Investigations by the City of Winnipeg are underway to determine if the Parker Lands developers followed the scope of their permit following the cutting down on the last of the remaining trees at a site earlier in the month of October.
Andrew Marquess a developer and his company Gem Equities intend to build 1740 housing units on a triangle of land. This part is bordered to the South by the next leg of the Southwest Transitway to the South, to the north by the CNR Rivers main line and to the west by the Winnipeg Humane Society property. Gem Equities has been clearing land since last year in spite of objections by protestors concerned about the loss of Aspen forest. In August this year, the city halted the plans citing non-compliance by the developers with the city zoning rules.
Rae Bridgman, an area resident expressed his surprise to see a bulldozer ripping out trees. The local resident said that he didn’t know if there was any authorisation for the cutting of the trees and he thought the trees were to remain standing until more public hearings were conducted.
Parker Lands developers took the city to court over its decision not to grant the developer’s formal plan to proceed to a public hearing. A judge ordered in September for the hearings to take place this coming month. Developer Marquess of Gem Equities said it does not matter since they didn’t need a permit to remove the trees, be there public hearings or not.
Speaking to CBC News Saturday, Marquess said that they had a confirmation from the city that they didn’t need a permit to cut down the trees. The developer further added that the trees were removed in accordance with the guidance offered by outside planning consultants.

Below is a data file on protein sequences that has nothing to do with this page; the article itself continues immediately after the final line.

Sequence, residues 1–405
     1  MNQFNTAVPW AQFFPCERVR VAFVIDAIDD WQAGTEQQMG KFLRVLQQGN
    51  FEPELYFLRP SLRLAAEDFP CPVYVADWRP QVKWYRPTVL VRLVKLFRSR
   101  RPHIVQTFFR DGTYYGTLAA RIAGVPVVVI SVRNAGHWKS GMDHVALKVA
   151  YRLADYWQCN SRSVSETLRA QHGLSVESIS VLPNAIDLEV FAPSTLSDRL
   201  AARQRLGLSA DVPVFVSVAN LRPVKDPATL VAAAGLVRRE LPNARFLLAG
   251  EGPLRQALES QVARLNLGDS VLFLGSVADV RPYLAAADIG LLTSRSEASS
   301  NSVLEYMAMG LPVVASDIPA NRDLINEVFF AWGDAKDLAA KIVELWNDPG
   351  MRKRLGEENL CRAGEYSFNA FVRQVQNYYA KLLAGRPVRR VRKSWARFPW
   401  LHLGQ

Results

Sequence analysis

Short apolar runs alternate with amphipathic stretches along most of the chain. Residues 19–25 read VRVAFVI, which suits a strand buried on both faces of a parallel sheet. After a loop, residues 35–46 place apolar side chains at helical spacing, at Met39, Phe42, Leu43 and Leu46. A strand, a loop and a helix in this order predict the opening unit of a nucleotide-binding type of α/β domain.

They are actually working with these specialists to give them a peer review of the site plans. Marquess added that the green space recommended by the tree consultants is what contributed to the move. This space will comprise play structures, seating areas, benches and space where people can gather. According to Marquess, the green space that stretches from the west side to the east side was actually the central part of the entire development.
Marquess said the walking trails within a bunch of aspen trees was a concept that meant a limited use of the green space by residents. No environmental or heritage importance exists to these trees according to the developer and they have done extensive environmental reviews on the flora. Tree consultants have categorised the type of trees, their ages and other surveys, and at around the start of October, the work went ahead since the contractors were available.
The city spokesperson in an email said the city is reviewing the work done on the site to ascertain whether the developer adhered to the scope of the current permit and/or an additional permit was needed. After the Court of Queen’s Bench Justice Candace Grammond sided with Gem Equities who disagreed, there will be a public hearing on November 13 by the city centre community as ordered by the city centre.